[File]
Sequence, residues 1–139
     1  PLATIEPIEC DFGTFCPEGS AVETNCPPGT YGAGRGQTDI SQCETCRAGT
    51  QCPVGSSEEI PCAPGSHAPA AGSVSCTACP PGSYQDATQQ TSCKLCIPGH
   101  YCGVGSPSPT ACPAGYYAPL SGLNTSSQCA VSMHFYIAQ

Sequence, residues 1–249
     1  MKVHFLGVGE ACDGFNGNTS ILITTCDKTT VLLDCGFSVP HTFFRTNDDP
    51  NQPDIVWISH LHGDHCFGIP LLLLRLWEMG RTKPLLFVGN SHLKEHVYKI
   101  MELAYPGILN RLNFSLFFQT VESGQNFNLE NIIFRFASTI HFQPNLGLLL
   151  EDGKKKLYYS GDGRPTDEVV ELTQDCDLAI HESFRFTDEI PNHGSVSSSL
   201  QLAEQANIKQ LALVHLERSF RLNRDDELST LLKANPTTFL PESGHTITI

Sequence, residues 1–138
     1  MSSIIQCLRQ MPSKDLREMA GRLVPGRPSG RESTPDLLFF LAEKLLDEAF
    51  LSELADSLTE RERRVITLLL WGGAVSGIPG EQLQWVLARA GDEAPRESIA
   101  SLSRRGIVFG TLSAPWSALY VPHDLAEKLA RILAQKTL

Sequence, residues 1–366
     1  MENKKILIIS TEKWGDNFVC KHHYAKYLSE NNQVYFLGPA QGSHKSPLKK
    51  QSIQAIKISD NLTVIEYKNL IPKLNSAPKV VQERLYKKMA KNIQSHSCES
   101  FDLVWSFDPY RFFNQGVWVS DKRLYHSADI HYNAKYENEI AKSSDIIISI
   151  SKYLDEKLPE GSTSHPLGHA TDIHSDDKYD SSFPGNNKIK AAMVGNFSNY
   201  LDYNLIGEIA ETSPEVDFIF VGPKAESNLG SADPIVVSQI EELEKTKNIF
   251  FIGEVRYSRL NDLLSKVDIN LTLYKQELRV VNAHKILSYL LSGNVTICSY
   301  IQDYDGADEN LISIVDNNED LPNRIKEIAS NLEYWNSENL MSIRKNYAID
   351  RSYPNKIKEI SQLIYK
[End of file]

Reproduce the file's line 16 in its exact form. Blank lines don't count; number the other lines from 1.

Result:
     1  MENKKILIIS TEKWGDNFVC KHHYAKYLSE NNQVYFLGPA QGSHKSPLKK